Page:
Mid-way between solstice and equinox, we went to Sheffield Botanical Gardens. Maybe not the best time of year to visit the gardens—there were handwritten signs saying “The gardens still close at 4pm”—but despite the season we still felt welcomed by what flowers there were.
Snowdrops were everywhere, for a start, occasionally accompanied by Leucojum vernum, their snowflake cousins:
Eggy crocuses (C. flavus), and Creme-eggy crocuses (C. chrysanthus):
This smashing Garrya elliptica was festooned with little chains of bell-like flowers:
And around the entrance to the old bear pit—festooning it, indeed—was this amazing Rhododendron “Christmas Cheer”:
But (and if you’re not a gardener you might not expect this) everywhere we went we were followed around by scents; or maybe we followed them!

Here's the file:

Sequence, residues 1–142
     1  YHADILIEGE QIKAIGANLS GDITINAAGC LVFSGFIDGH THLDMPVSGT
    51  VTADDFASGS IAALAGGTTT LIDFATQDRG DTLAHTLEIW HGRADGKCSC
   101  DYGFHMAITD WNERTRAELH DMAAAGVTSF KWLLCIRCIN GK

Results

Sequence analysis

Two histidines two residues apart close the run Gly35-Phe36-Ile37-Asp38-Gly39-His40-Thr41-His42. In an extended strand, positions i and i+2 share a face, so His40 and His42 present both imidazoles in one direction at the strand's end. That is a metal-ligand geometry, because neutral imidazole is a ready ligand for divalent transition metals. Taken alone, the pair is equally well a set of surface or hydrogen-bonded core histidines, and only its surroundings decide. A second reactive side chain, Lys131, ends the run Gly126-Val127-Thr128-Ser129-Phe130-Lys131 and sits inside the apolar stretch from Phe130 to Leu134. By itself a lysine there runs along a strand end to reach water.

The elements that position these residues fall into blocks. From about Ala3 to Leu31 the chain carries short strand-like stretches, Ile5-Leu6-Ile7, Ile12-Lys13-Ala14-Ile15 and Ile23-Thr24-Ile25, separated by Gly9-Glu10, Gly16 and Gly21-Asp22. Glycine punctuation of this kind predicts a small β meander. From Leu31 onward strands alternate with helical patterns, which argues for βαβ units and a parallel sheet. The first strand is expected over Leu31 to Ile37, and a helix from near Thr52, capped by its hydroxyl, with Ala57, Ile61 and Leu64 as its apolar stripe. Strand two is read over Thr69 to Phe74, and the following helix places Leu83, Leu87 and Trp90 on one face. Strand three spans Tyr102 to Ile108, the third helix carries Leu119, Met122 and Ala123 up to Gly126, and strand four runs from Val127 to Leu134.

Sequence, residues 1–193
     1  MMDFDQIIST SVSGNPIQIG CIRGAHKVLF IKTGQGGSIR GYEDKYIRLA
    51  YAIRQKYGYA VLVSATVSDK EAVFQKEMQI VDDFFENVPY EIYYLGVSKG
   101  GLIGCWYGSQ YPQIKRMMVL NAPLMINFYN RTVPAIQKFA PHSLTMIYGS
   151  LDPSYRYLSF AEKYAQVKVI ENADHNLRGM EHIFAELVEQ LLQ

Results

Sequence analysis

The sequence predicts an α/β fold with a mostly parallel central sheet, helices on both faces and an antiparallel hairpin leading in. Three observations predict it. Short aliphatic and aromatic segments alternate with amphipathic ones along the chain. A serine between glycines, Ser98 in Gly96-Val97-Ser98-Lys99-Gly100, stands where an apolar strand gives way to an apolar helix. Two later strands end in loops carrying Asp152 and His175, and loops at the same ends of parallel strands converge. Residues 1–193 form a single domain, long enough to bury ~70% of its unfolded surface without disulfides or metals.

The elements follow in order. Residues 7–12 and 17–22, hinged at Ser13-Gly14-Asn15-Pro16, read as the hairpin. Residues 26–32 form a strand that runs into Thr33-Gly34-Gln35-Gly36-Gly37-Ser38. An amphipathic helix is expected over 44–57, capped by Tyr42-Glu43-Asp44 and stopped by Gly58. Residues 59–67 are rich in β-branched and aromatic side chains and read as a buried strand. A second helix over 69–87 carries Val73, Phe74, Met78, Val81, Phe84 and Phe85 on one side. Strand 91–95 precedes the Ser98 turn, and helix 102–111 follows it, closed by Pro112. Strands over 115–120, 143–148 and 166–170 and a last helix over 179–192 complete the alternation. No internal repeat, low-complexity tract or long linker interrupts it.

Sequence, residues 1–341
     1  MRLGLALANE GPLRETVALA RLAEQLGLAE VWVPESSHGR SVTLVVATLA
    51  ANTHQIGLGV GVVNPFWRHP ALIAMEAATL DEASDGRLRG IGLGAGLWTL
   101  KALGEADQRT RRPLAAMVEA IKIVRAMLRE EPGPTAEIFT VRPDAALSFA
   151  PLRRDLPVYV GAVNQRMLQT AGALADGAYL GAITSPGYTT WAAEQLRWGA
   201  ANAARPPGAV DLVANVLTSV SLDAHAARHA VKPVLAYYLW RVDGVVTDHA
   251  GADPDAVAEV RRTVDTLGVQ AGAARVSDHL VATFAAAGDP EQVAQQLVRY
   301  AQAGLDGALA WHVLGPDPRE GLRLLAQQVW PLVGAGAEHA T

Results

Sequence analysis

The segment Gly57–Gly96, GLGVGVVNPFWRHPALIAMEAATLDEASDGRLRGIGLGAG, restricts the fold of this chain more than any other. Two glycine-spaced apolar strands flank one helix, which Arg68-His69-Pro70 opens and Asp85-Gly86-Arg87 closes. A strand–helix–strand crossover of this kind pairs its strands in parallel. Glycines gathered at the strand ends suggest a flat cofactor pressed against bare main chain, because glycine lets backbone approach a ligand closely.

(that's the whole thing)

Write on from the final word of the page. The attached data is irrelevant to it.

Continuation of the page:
There was an isolated Hamamelis mollis “Brevipetala” (left), and then below the fountain banks of witch-hazel, including H. x intermedia “Primavera” and “Aphrodite” (right, plus a squirrel):
Sheffield hosts the national collection of Sarcococca and we stumbled across this amazing, sweet-smelling bush of it:
And among all the heathers we found, the queerest was this Erica lusitanica, or Portuguese heath, with an aroma like the inside of a sweet jar:
All in all, the visit cheered us up on a cold, February day:
Thanks, Sheffield Botanical Gardens!